Thursday, June 28, 2007

Three countries, three ways with words

I came across an article in The Times (London) from 1875 comparing the slang of France, England, and America. The main differences according to this article are that English slang is the most "forcible and obscure", American slang the most direct and appropriate, and French slang the most clever and witty. Is this still true today? Scroll down for an interesting read...

Favorite quote: "[In America] people have a disagreeable habit of shooting eachother out of their coat-tails pocket occasionally, and not unfrequently are discovered taking the morning air suspended from a convenient limb of a tree."

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Slang

"There are only three nations who use slang to any great extent--viz., France, England, and America. Of these French is by far the wittiest, American the most appropriate, and English the most forcible and obscure. A Parisian gamin is, probably, in his way the most ready-witted person in the world, but his slang is so pointed that it would be entirely lost on an average Briton; even supposing that he understood French, he would be sure to miss the point. English slang is never witty, and in its more general sense is almost unintelligible to the uninitiated. American slang, on the other hand, is so palpable and clear that it can almost be called an art by itself, and a bulky volume might be written on it.

"Some American slang expressions are really admirable in their application. Take, for instance, that one of "You bet your bottom dollar on it." Why your bottom dollar? Any one who has been in a gambling hell in a mining district knows that the players invariably pile up the gold pieces one over the other, taking one or two off the top as they require the stake. When they get to the bottom coin of course it is their last chance. Nothing could be more applicable. Then, again, the expression "He died with his boots on," signifying that the gentleman in question did not die peacefully in his bed, but met with a violent and sudden end. Out West people have a disagreeable habit of shooting eachother out of their coat-tails pocket occasionally, and not unfrequently are discovered taking the morning air suspended from a convenient limb of a tree. Volumes could not say more.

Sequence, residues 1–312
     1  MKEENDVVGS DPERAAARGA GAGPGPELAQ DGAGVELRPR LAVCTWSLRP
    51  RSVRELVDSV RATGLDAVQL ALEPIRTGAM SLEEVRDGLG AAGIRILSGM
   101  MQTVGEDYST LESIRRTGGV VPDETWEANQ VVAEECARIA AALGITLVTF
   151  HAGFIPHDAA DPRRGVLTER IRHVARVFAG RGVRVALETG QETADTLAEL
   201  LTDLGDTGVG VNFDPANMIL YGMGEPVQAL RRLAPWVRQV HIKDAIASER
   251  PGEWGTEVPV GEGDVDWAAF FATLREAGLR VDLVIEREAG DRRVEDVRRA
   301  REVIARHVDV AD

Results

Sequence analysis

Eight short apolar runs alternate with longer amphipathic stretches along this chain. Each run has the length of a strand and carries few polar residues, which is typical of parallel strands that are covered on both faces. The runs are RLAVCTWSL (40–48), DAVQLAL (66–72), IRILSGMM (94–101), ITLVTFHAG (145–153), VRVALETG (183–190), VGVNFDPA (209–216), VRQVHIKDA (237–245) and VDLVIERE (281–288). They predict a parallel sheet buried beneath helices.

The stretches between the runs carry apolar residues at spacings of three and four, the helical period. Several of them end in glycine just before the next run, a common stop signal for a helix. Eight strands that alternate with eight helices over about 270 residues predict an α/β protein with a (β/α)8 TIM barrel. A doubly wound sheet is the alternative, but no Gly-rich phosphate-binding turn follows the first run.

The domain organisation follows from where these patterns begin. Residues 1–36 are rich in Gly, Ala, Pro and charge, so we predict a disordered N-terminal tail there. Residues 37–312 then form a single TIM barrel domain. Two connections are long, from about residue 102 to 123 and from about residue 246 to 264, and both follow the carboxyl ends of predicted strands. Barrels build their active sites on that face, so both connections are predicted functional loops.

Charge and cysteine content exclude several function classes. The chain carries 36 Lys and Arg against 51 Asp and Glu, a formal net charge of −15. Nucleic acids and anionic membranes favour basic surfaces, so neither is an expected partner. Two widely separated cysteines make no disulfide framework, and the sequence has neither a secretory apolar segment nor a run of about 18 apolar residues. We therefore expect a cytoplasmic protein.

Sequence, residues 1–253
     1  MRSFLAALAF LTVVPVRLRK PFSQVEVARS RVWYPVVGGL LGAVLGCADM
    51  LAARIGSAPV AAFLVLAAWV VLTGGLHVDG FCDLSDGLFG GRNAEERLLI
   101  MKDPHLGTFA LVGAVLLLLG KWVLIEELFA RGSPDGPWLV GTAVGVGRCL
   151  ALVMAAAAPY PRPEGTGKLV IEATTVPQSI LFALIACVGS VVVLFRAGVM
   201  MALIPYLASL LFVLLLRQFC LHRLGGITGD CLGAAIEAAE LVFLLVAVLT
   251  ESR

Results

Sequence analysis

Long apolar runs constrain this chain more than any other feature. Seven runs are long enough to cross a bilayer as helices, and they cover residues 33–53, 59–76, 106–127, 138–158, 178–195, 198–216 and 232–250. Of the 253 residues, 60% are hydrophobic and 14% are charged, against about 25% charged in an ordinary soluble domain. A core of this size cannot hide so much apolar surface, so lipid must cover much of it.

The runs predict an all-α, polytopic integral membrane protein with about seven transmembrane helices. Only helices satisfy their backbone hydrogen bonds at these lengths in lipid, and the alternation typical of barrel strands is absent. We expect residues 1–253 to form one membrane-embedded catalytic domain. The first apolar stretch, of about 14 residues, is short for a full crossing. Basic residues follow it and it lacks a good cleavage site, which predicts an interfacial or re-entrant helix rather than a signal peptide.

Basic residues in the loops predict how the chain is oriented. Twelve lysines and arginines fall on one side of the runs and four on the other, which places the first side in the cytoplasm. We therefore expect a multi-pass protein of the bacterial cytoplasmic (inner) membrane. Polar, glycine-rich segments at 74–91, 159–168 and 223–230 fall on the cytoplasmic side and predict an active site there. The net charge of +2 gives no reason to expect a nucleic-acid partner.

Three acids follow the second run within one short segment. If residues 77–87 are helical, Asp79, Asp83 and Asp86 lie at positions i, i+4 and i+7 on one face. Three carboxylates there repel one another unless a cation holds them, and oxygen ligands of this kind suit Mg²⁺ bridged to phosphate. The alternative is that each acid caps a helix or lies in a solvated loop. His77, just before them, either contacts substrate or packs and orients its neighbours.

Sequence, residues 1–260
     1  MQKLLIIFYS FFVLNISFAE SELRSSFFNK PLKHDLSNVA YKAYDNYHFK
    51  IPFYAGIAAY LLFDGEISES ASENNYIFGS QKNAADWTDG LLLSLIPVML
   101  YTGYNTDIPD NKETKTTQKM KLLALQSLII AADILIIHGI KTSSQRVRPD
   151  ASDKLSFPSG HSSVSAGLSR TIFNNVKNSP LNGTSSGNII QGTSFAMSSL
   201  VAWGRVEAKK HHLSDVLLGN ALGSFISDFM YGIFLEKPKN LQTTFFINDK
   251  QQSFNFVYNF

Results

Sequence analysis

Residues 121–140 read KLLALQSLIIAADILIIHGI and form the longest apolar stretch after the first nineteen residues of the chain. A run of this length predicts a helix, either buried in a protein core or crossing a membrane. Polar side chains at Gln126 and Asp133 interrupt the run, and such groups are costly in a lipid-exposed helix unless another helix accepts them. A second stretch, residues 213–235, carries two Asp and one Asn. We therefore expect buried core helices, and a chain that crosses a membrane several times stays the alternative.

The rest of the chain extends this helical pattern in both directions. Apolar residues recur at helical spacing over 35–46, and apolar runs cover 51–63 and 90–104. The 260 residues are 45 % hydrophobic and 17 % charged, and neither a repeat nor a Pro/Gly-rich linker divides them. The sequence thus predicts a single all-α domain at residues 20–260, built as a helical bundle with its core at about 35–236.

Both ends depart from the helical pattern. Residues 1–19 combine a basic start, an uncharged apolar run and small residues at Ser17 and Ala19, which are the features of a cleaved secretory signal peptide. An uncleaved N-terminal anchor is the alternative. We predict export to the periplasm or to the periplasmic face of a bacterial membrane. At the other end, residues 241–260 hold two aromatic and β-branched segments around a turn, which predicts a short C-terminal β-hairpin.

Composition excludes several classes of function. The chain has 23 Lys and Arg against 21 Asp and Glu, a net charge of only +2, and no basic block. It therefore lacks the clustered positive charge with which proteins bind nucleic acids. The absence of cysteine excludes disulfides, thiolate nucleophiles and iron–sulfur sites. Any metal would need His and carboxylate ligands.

"We have it rich." Old-timers washing and panning gold, Rockerville, Dakota. 1889. John C.H. Grabill.


"Take the slang phrase "pan out,"--such and such an event will not "pan out," signifying that it will not come to pass. We [Britons] commonly say "come off," but this expression is far inferior to the other. It is a mining term; when a miner wishes to know whether a claim is likely to pay or not, he takes up a shovelful of dirty and puts it in his prospecting pan, washing it all away till he gets a grain or two of gold at the bottom of the pan, if there is any in the dirt. In this case the claim is said to "pan out right." There is no wit or obscurity about it, but nothing could be more perfectly appropriate.

"But where English folk surpass all others is in literary slang, which has grown to such a pitch that it is scarcely possible to take up any modern novel, with few exceptions, without finding its pages disfigured by this detestable fault. If our language was poor this might be excusable, but when we have one of the most descriptive in the world to draw upon, it is unpardonable. Some use the heavy, pompous style, with such expressions as "outcome," "fearsome," &c.; if the heroine cries, she "gives vent to bursts of passionate, glorious emotion;" a tall, dark man is "stalwart and swarthy;" the hero never walks, but "strides," and has an awkward habit of occasionally biting his nether lip till the blood comes. Then there is the ballad style of slang--"Up and spake" Sir Somebody; some one is always doing something "right nobly;" and these writers seem to think that the more obsolete and outlandish their phrase the purer English they are, forgetting or ignoring the fact that a nation's language grows more or less with its manufactures and customs. Worse even than these are the mild, goody, finicking style of writers, who wish to appear so very innocent and childlike; they have not even a good repertoire, as their stock-in-trade is limited to about a dozen expressions, like "deftly," "winsome," "daintie." They generally put their adjectives after the substantives, and are certain to call a pretty girl a "layde fair;" and a fast horse, a "courser fleet."

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The article continues with general grievances and complaints about slang used in art criticism, sports-writing, and in general. The author calls the use of slang "the surest test of weakness in a writer, as simplicity is the truest test of excellence." The full article can be viewed from this site.


Source: "Slang," The Times, Tuesday, Mar 30, 1875; pg. 11; Issue 28276; col B.

3 comments:

Michael Kline said...

Love the blog. Hope you can keep it up.

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cialis said...

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